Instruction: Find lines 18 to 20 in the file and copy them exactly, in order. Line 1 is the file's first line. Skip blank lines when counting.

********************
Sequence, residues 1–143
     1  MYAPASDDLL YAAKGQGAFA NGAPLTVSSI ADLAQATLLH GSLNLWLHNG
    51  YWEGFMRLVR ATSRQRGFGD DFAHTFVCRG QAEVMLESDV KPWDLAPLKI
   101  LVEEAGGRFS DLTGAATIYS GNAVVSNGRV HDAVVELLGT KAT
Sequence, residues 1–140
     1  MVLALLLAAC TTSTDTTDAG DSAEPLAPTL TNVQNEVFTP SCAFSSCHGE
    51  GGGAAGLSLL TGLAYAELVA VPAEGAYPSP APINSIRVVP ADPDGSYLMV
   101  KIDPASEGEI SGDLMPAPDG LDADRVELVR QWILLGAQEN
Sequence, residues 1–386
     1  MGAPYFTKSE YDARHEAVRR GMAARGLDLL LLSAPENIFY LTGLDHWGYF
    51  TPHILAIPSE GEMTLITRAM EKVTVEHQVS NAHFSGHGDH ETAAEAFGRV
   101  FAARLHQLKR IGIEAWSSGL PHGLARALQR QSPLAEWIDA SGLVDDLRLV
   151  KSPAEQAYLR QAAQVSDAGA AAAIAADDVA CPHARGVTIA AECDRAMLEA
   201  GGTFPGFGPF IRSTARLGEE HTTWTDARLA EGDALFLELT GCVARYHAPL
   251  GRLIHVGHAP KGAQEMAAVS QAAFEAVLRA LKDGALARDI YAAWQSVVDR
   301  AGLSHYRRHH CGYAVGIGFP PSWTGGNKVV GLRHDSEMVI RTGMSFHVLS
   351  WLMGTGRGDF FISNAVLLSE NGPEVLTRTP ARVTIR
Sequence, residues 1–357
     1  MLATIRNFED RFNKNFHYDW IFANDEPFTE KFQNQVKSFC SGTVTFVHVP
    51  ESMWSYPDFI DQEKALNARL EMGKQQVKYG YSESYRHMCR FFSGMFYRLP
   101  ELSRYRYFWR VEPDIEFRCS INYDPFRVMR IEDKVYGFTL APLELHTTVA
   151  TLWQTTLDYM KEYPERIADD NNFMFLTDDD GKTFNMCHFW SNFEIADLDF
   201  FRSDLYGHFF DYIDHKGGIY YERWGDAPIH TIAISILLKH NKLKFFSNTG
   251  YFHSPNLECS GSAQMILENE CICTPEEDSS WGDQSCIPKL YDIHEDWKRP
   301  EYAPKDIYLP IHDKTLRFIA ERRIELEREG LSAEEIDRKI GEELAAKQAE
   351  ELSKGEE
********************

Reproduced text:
Sequence, residues 1–357
     1  MLATIRNFED RFNKNFHYDW IFANDEPFTE KFQNQVKSFC SGTVTFVHVP
    51  ESMWSYPDFI DQEKALNARL EMGKQQVKYG YSESYRHMCR FFSGMFYRLP